In July 2009, I got out of the Air Force after twelve years of enlisted service. Up until that time I had only written a fistful of short stories, read a couple of things about getting published, and shopped my little clutch of stories around to a few magazines and zines. Nothing major, never something serious. But with me getting out of the Air Force and becoming a defense contractor, an old chapter of my life was closing and a new one was opening. I was deploying to Iraq. I was also committed to serious self-improvement. I decided it was time to stop messing around, tighten up my skills as a writer and get published.
A year and some change later, I’ve put a few notches on my belt. I sold two stories for what the industry calls token pay (less than 1 cent a word). I turned around and sold two more stories for semi-pro pay (between 1 and 4 cents a word). Those semi-pro sales allowed me to get a AuthorCentral page on Amazon, which felt like a graduation present when I got it. I also got Honorable Mentions in L. Ron Hubbard’s “Writers of the Future” Contest and Crossed Genre’s “Science in My Fiction” Contest as well as placing in the top 20 in Parsec’s Fifteenth Annual Short Story Contest. Not bad for the first year and some change.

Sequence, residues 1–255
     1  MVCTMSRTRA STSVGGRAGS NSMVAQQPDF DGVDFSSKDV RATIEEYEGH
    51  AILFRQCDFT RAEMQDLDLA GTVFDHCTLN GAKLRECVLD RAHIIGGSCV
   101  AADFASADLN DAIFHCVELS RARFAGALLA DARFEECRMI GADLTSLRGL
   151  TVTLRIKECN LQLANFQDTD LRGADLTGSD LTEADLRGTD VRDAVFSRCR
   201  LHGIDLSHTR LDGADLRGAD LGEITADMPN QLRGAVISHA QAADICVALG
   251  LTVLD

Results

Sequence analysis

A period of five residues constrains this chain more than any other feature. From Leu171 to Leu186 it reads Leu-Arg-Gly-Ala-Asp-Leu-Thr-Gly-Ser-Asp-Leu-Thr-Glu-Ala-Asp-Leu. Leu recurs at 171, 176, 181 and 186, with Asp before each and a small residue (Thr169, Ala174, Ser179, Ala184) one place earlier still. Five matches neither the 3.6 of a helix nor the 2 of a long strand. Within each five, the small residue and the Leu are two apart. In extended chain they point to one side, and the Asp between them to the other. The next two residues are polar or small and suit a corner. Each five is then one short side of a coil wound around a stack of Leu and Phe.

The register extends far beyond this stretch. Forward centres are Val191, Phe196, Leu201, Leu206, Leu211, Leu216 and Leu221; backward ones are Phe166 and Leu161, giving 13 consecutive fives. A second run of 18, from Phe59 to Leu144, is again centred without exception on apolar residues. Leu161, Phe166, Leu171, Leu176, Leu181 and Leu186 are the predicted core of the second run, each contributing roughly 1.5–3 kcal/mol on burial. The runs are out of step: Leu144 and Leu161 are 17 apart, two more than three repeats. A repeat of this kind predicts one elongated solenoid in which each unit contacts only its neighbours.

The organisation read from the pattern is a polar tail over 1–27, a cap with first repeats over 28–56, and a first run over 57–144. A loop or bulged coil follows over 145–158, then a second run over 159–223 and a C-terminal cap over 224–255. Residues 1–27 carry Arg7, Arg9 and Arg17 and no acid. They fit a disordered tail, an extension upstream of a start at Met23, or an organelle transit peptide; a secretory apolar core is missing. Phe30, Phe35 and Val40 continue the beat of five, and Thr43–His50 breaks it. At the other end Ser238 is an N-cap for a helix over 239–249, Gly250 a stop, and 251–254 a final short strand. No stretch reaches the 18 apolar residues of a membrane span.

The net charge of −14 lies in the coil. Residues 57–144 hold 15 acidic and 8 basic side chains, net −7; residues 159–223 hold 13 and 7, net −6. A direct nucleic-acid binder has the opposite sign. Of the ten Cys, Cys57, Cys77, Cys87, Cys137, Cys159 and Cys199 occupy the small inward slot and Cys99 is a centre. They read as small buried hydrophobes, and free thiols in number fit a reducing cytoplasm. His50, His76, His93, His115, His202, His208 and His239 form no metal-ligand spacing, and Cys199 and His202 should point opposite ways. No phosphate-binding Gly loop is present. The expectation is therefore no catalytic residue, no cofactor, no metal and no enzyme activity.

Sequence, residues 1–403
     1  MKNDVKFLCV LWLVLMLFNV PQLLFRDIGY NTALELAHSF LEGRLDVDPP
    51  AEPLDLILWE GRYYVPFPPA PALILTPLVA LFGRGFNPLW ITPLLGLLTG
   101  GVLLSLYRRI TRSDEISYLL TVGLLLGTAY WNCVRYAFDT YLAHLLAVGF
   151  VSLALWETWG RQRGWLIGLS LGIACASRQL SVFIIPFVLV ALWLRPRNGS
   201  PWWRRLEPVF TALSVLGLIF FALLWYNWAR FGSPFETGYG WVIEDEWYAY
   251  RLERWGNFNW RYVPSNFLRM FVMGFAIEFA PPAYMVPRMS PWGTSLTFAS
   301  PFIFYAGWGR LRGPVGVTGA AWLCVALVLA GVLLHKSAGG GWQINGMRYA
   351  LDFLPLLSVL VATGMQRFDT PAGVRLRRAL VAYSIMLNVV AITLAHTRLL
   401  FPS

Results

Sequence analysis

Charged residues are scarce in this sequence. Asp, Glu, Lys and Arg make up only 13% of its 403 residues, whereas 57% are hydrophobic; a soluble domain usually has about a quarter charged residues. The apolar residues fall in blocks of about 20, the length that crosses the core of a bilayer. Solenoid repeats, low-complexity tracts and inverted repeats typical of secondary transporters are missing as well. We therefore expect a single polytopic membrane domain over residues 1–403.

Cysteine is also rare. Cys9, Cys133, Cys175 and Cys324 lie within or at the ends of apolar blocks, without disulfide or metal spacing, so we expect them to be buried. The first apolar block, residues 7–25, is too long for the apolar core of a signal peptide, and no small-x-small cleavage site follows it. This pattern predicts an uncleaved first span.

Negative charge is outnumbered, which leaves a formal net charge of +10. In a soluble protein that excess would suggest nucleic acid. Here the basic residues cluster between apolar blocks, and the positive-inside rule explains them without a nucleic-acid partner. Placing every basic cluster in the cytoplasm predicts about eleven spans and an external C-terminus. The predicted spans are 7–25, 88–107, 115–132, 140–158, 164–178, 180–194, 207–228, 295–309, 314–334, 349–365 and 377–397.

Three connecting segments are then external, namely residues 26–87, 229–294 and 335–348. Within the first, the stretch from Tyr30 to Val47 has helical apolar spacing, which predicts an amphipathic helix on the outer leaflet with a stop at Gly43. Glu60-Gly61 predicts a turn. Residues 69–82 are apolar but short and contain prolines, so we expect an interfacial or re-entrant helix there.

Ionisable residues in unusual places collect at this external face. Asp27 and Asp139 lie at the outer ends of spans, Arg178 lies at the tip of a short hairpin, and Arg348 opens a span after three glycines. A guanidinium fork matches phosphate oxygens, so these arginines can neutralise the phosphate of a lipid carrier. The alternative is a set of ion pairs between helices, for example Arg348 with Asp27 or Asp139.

But it’s not enough. The biggest challenge, eyes on prize, is getting that first pro sale. It’s the Normandie Beach to my D-Day, and I’m determined to storm it. I’ve written a lot of new stories within this year. And virtually all of them are floating around someone’s desk somewhere. Any one of these could liberate the shores and hook me up with pro level recognition. Not to mention 5 sweet sweet cents a word (or more).
This is the war journal that got you up to speed to where I am now. You’re watching an up-and-comer up and come.